12. Marks JG, Belsito DV, DeLeo VA, et al. North American Contact Dermatitis Group patch-test results, 1998 to 2000. Am J Contact Dermat. 2003;14(2):59-62.
13. Warshaw EM, Belsito DV, Taylor JS, et al. North American Contact Dermatitis Group patch test results: 2009 to 2010. Dermatitis. 2013;24(2):50-99.
14. Verallo-Rowell V. M, Katalbas S.S. & Pangasinan J. P. Natural (Mineral, Vegetable, Coconut, Essential) Oils and Contact Dermatitis. Curr Allergy Asthma Rep 16,51 (2016) . https://doi.org/10.1007/s11882-016-0630-9.
15. Park G, Oh DS, Lee MG, Lee CE, Kim YU. 6-Shogaol, an active compound of ginger, alleviates allergic dermatitis-like skin lesions via cytokine inhibition by activating the Nrf2 pathway. Toxicol Appl Pharmacol. 2016 Nov 1;310:51-59. doi: 10.1016/j.taap.2016.08.019. Epub 2016 Aug 22. PMID: 27562088.
16. de Groot AC. Monographs in Contact Allergy, Volume II – Fragrances and Essential Oils. Boca Raton, FL: CRC Press Taylor & Francis Group; 2019.
17. De Groot AC. Monographs in Contact Allergy Volume I. Non-Fragrance Allergens in Cosmetics (Part I and Part 2). Boca Raton, Fl, USA: CRC Press Taylor and Francis Group, 2018.
Want more great information on contact dermatitis? Check out the American Contact Dermatitis SocietyDermnet New Zealand, the Contact Dermatitis Institute, and your country’s contact dermatitis association.


Laura is our “dew”-good CEO at VMV Hypoallergenics and eldest daughter of VMV’s founding dermatologist-dermatopathologist. She has two children, Madison and Gavin, and works at VMV with her sister CC and husband Juan Pablo (Madison and Gavin frequently volunteer their “usage testing” services). In addition to saving the world’s skin, Laura is passionate about health, inclusion, cultural theory, human rights, happiness, and spreading (like a VMV cream!) goodness!

Allergen, Not An Allergen, Skin

INK: Allergen or Not An Allergen?Featured

INK: Allergen or Not An Allergen?

Allergen.

Ink

“Ink,” as such, also does not appear on published allergen lists, but most things that go into making ink do. These include glues and adhesives (epoxy and acrylic resins — the inks need a fixative to help them adhere to a surface when applied), dyes, phenylenediamine, and certain preservatives. Soy ink can be a better alternative as the oil used as the base is not an allergen. However, the pigments, dyes, and adhesives tend to be the same as those used in regular inks. If you have patch tested positive to inks, colorants, or the adhesives found in inks, take care to prevent direct contact.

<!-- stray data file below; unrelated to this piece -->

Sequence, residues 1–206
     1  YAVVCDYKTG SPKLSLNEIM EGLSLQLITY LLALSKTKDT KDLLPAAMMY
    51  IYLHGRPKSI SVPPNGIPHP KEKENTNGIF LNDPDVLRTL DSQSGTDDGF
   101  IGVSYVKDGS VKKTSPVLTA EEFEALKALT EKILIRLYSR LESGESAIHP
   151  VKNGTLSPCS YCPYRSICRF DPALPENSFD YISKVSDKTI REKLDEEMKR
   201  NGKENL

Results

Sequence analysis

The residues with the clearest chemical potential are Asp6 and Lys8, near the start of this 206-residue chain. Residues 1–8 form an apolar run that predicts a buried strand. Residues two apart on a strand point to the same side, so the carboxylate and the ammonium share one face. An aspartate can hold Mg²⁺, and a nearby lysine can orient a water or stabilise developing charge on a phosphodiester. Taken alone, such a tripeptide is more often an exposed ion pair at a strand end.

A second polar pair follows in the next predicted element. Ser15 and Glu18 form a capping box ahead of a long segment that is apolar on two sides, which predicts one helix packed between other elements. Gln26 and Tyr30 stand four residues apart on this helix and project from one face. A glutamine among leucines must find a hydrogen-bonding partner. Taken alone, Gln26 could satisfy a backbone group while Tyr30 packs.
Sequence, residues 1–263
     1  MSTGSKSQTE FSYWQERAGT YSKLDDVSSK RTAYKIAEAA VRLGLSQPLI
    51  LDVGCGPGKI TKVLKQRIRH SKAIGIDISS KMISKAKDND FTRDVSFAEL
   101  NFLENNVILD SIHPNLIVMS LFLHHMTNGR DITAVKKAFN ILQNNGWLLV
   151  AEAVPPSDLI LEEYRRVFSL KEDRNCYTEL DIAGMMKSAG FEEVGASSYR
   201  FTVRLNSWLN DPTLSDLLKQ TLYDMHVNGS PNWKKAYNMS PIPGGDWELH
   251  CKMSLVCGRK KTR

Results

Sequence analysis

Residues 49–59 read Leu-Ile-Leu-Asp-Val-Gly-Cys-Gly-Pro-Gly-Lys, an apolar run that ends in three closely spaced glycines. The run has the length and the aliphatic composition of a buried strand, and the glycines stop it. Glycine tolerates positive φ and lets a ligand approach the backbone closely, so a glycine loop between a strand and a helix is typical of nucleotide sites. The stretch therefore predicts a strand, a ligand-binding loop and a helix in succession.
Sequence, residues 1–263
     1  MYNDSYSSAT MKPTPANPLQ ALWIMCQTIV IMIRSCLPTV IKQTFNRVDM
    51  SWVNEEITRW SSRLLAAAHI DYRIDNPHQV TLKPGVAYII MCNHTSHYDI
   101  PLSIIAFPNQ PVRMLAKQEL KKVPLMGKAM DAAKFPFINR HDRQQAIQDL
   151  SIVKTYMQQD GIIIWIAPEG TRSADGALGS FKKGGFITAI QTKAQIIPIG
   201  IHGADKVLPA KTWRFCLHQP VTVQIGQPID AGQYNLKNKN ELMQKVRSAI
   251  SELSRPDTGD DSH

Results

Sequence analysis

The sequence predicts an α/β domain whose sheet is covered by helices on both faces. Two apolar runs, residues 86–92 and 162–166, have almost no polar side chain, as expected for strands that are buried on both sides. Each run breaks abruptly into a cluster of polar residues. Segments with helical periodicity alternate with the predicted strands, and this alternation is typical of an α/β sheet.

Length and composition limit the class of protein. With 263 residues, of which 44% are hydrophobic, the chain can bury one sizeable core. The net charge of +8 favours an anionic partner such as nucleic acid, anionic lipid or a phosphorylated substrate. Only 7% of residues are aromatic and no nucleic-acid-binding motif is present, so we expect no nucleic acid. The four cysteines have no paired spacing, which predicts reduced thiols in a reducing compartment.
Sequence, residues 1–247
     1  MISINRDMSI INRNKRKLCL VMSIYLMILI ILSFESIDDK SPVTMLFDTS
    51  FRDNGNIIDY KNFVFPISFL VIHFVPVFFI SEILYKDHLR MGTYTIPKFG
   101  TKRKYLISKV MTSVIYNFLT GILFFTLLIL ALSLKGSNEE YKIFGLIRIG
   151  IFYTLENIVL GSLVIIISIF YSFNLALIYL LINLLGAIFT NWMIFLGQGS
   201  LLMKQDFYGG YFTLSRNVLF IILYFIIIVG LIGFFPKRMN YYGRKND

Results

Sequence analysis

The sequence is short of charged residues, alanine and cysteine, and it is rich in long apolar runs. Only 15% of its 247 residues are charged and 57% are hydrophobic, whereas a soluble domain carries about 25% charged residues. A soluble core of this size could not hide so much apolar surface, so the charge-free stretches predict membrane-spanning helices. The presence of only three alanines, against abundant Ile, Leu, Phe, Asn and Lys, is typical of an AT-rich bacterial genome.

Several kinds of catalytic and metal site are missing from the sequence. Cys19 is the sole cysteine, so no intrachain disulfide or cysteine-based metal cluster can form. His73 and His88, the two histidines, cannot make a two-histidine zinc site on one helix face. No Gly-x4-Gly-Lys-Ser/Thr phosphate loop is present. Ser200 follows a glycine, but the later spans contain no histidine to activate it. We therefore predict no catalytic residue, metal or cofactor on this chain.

If you have a history of sensitive skin, don’t guess: random trial and error can cause more damage. Ask your dermatologist about a patch test.

For more:

On the prevalence of skin allergies, see Skin Allergies Are More Common Than Ever and One In Four Is Allergic to Common Skin Care And Cosmetic Ingredients.

To learn more about the VH-Rating System and hypoallergenicity, click here.

References: 

Regularly published reports on the most common allergens by the North American Contact Dermatitis Group and European Surveillance System on Contact Allergies (based on over 28,000 patch test results, combined), plus other studies. Remember, we are all individuals — just because an ingredient is not on the most common allergen lists does not mean you cannot be sensitive to it, or that it will not become an allergen. These references, being based on so many patch test results, are a good basis but it is always best to get a patch test yourself.

1. Warshaw, E.M., Maibach, H.I., Taylor, J.S., et al. North American contact dermatitis group patch test results: 2011-2012. Dermatitis. 2015; 26: 49-59
2. W Uter et al. The European Baseline Series in 10 European Countries, 2005/2006–Results of the European Surveillance System on Contact Allergies (ESSCA). Contact Dermatitis 61 (1), 31-38.7 2009
3. Wetter, DA et al. Results of patch testing to personal care product allergens in a standard series and a supplemental cosmetic series: An analysis of 945 patients from the Mayo Clinic Contact Dermatitis Group, 2000-2007. J Am Acad Dermatol. 2010 Nov;63(5):789-98.
4. Verallo-Rowell VM. The validated hypoallergenic cosmetics rating system: its 30-year evolution and effect on the prevalence of cosmetic reactions. Dermatitis 2011 Apr; 22(2):80-97
5. Ruby Pawankar et al. World Health Organization. White Book on Allergy 2011-2012 Executive Summary.
6. Misery L et al. Sensitive skin in the American population: prevalence, clinical data, and role of the dermatologist. Int J Dermatol. 2011 Aug;50(8):961-7.
7. Warshaw EM1, Maibach HI, Taylor JS, Sasseville D, DeKoven JG, Zirwas MJ, Fransway AF, Mathias CG, Zug KA, DeLeo VA, Fowler JF Jr, Marks JG, Pratt MD, Storrs FJ, Belsito DV. North American contact dermatitis group patch test results: 2011-2012.Dermatitis. 2015 Jan-Feb;26(1):49-59.
8. Warshaw, E et al. Allergic patch test reactions associated with cosmetics: Retrospective analysis of cross-sectional data from the North American Contact Dermatitis Group, 2001-2004. J AmAcadDermatol 2009;60:23-38. 
9. Foliaki S et al. Antibiotic use in infancy and symptoms of asthma, rhinoconjunctivitis, and eczema in children 6 and 7 years old: International Study of Asthma and Allergies in Childhood Phase III. J Allergy Clin Immunol. 2009 Nov;124(5):982-9.
10. Kei EF et al. Role of the gut microbiota in defining human health. Expert Rev Anti Infect Ther. 2010 Apr; 8(4): 435–454.
11. Thavagnanam S et al. A meta-analysis of the association between Caesarean section and childhood asthma. Clin Exp Allergy. 2008;38(4):629–633.

12. Marks JG, Belsito DV, DeLeo VA, et al. North American Contact Dermatitis Group patch-test results, 1998 to 2000. Am J Contact Dermat. 2003;14(2):59-62.
13. Warshaw EM, Belsito DV, Taylor JS, et al. North American Contact Dermatitis Group patch test results: 2009 to 2010. Dermatitis. 2013;24(2):50-99.